Issue #3 of The Infamous magazine features a closer look into the Philly Wicket handstyle with a cover (wicket by RX) and cover story. This issue is almost sold out, get it before its gone. Order here.
From the Gun Hill layups of the 1970s to the galleries of 2011, Comet has been there, done that, and has the t-shirt.
Interview by Boots119
What do you write and how did you come up with your name?
Comet: My name is Comet and I started writing in October of 1970. I was living up on Gun Hill Road and staying out with my friend Joey. One day in school he says, “I’m starting to write Ajax on the wall with a little magic marker.” And I said, “Maybe I’ll write too. I’ll be Comet. We’ll be cleansers, you know?” That’s how that started.
What crews do you push, or did you push?
Comet: First crew I was in was The Mob. It was me, Ajax, Silver Tips, Shake, and that was the first group I was in. After that I joined the Ebony Dukes. Staff 161 put me in the Ebony Dukes at Gun Hill Road on the Third Avenue El, on the platform. And I bought my first Nee-Jee from him, a marker, for one dollar. Then I joined 3YB – Cliff 159, one of my old partners, put me in the 3 Yard Boys. The Crazy Five – that was Vamm, Crachee, Blade, Tull 13, and Death. They put me in The Crazy Five. Those are the crews I was in through the years.
In the ’90s there were few people in Philly who held it down in all categories. From hands to throws to pieces, DSR did his thing-thing.
What did you write? Did you always write that, if not what were some of the other names you wrote?
Dasar: Dasar. It’s the only name I got rep with. I’m sure in the beginning I drew cool names like “Laser” or “Knife”, but Dasar is what I got up with. I used Lemon714 as a train name and to mess around with, paying homage to some hippy graffiti this one dude did in my neighborhood. While everyone was writing band names, he was drawing the pill and writing Lemon714 next to it. The bottom of the L turned into an arrow. Way ahead of anyone he was at the kegger with… then there’s always “Line, King of Walls.” That’s an inside joke between Nope and me. I would walk down a block and just spray a line across every building, hence the goofy name “Line, King of Walls.” It’s an inside joke with Nope and co. – I’m aware that it’s silly, but it will give a few people a laugh…
What crews were you associated with?
Dasar: I’ve had the pleasure of doing this graffiti business with a lot of thorough writers and crews. In the best chronological order, the crews I’ve pushed and been a part of are HAR 1, YM, NAA, IAO, AIA, KMD, AFU, LAW 1, IX, NSF, ICON, KTS, MSP and HM.
Rocking it all from tags, throws, burners, trans, and more, the Swiss writer SERVAL is doing his thing.
Interview by Nyce OAL
Where are you originally from and where do you currently reside? What brought you to the States?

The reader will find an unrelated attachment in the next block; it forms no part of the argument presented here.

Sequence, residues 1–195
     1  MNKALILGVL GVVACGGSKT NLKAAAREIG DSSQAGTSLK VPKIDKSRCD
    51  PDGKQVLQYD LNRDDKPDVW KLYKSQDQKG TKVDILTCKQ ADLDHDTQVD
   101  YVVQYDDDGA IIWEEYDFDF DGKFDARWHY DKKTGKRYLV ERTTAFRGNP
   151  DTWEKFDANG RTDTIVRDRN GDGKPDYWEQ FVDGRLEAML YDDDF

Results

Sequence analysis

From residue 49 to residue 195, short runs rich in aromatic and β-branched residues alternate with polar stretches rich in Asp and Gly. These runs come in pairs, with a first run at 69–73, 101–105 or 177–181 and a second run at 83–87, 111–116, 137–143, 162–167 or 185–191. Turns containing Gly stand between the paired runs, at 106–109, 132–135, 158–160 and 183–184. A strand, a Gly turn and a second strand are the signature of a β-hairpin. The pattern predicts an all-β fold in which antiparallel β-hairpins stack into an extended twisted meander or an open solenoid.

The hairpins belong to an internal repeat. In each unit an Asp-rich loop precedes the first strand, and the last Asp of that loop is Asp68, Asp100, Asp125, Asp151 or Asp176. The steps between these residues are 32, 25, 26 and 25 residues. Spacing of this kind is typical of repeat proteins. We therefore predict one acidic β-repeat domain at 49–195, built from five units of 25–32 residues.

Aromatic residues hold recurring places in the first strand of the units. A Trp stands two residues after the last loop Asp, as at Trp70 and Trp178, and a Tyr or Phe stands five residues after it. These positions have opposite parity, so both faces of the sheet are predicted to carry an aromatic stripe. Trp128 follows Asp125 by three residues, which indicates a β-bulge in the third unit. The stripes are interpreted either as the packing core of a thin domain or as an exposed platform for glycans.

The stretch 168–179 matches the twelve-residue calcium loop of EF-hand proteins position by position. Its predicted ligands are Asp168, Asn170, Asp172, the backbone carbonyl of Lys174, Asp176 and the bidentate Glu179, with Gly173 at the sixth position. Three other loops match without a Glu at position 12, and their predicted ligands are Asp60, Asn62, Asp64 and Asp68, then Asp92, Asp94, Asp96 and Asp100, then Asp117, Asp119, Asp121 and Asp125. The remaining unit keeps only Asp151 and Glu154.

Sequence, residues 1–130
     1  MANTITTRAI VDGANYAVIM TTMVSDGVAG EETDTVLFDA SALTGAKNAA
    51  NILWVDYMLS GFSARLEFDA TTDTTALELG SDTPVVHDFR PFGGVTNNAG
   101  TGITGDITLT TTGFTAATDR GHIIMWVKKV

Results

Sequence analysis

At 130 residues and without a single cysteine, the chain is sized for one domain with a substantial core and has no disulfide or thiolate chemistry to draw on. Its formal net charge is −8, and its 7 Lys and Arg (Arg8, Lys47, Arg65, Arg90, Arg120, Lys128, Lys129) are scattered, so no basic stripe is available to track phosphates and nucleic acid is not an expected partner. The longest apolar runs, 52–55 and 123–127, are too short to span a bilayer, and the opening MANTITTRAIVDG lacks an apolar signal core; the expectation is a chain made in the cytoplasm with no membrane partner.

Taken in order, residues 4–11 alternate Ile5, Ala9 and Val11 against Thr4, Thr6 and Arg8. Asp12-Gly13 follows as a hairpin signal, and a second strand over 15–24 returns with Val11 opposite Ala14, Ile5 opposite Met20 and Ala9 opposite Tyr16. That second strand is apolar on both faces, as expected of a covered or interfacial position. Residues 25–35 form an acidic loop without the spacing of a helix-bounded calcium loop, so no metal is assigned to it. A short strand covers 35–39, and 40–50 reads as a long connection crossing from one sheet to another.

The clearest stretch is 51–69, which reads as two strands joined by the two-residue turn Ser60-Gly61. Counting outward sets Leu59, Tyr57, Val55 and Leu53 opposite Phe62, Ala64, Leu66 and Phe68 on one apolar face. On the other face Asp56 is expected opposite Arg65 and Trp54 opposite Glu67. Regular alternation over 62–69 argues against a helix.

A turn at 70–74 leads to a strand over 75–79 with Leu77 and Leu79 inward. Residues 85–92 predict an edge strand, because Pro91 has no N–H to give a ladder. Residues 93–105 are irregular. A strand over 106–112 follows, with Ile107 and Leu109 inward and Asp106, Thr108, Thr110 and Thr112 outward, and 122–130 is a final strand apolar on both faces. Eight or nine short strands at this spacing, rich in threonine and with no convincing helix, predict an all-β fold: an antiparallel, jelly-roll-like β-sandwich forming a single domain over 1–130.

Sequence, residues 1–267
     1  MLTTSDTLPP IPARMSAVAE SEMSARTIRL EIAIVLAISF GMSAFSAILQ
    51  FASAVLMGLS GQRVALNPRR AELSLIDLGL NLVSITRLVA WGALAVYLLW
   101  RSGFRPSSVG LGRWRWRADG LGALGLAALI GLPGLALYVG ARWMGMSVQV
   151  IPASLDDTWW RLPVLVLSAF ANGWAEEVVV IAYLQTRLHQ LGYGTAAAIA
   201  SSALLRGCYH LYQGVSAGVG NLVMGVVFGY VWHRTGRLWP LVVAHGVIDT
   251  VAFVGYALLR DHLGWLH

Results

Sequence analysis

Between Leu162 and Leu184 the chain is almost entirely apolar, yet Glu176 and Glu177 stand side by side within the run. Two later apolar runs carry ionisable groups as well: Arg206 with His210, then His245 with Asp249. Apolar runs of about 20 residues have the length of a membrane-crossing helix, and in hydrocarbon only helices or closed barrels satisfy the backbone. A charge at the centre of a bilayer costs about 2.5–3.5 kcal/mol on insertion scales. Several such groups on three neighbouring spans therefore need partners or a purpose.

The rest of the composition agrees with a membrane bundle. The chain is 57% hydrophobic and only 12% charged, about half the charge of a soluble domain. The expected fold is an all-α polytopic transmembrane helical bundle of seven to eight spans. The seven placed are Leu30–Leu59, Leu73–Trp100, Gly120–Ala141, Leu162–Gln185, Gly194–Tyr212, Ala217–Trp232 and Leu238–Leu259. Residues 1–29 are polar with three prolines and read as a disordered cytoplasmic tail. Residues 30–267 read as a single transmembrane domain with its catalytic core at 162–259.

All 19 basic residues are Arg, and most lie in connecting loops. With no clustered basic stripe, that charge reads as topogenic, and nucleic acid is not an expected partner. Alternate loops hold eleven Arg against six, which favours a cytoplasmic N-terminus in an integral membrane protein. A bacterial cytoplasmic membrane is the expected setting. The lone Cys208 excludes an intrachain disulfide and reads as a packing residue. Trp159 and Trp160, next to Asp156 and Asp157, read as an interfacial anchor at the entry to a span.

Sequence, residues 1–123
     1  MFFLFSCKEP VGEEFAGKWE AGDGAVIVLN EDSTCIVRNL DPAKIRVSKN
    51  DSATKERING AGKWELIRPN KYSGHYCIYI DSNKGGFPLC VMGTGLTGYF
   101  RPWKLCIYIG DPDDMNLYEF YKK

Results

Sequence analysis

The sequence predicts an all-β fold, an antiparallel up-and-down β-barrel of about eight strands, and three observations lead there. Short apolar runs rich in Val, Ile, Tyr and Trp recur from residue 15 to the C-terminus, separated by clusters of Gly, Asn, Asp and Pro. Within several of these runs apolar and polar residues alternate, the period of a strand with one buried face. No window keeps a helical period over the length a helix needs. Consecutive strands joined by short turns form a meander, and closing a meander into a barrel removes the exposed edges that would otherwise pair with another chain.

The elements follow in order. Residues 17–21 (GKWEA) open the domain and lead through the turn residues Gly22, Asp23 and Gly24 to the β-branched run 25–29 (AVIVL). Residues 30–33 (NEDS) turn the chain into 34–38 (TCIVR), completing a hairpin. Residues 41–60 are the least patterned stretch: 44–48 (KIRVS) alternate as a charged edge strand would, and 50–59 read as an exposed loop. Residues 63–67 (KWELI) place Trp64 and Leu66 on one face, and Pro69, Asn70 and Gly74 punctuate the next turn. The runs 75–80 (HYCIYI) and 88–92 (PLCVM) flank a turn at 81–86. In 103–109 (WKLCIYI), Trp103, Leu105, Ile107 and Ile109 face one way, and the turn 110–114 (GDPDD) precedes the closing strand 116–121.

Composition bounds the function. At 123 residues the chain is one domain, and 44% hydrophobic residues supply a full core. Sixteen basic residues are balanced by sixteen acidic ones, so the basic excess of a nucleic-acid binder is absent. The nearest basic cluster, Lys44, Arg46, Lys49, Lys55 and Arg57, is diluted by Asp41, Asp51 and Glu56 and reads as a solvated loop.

Serval: My family is from NY, but I was born and raised in Switzerland. I live in Geneva. I stayed in Philly from ’95–’99 for school.
What sparked your interest in graff and were you into it before you came to the States?
Serval: I started writing graffiti in 1992 in Geneva, I was already painting a lot when I came to Philly, but mostly street bombing and some trains.
Picking up a can for the first time in 2005, Tober is an upcoming graffiti beast who has caught Philly writers by surprise with his ups.
Photography by Matthew Gallaghger
What’s the background on your name?
Tober: It started with Tobe (“too-be”). I liked the letters and felt that it was a name no one had written before. Unfortunately, everyone thought it was pronounced Toby. Tober eventually progressed from there.
What is the scene like in Philly?
Tober: The scene here is mostly hands, which this city is known around the world for. Walking routes through the city is an important part of the graffiti scene. The buff here in Philly is vicious.
One of the original gangsters of street bombing in Philadelphia, Lazz has dope hands, which he describes as weird and un-orthodox but original.
Photography by Michael Francis
Arsenal: Rusto fats
I write… Lazzix aka Amazon Man, BraKad, Kalar, Vexed, LX, VX, Lazz.
Lazzix stands for… Leonard as zany zaltar is xtraordinary.
One of the Boogie Down’s most prolific bombers, TD talks about the game and how it’s changed.
Crews: BTC, KD, GOD, BRT
Location: Boogie Down Bronx
Experience: 22 years (in 2011)
Arsenal: Rusto fats
I got my name… From my best friend, John. He gave it to me and that was it. I never wrote anything else.
I got started from… My boys from 170, once I seen them bombing I said, “One day I will take it to another level,” and, sure enough, I did.
Myth has been lacing freight trains with style since before the Internet showed you what graffiti is.
Crews: VTS BA AMF
Experience: 16 years (in 2011)
Arsenal: Rusto Fat
When did you start writing?
Myth: I don’t remember what year it was but I was in fifth grade when I found a can of spray paint and painted the ‘rat bones’ logo in front of a Safeway near my house. I saw it every time I went to the grocery store with my mom and I knew it pissed people off, which I thought was pretty cool. I only saw graffiti in the background of photos in Thrasher magazine and “Yo! MTV Raps” at that time. A few weeks later I found another can of paint by a dumpster and wrote my initials everywhere I went that day until it was gone. I heard people talking about it right away and it seemed to cause a lot of attention. I kept doing it and within a week there was something written in the local paper about it and they referred to it as “graffiti.” I think that was the first time I heard that word. Instantly other people started writing my initials, too, with no clue as to what it meant and two different kids that went to my school got caught writing it inside the library.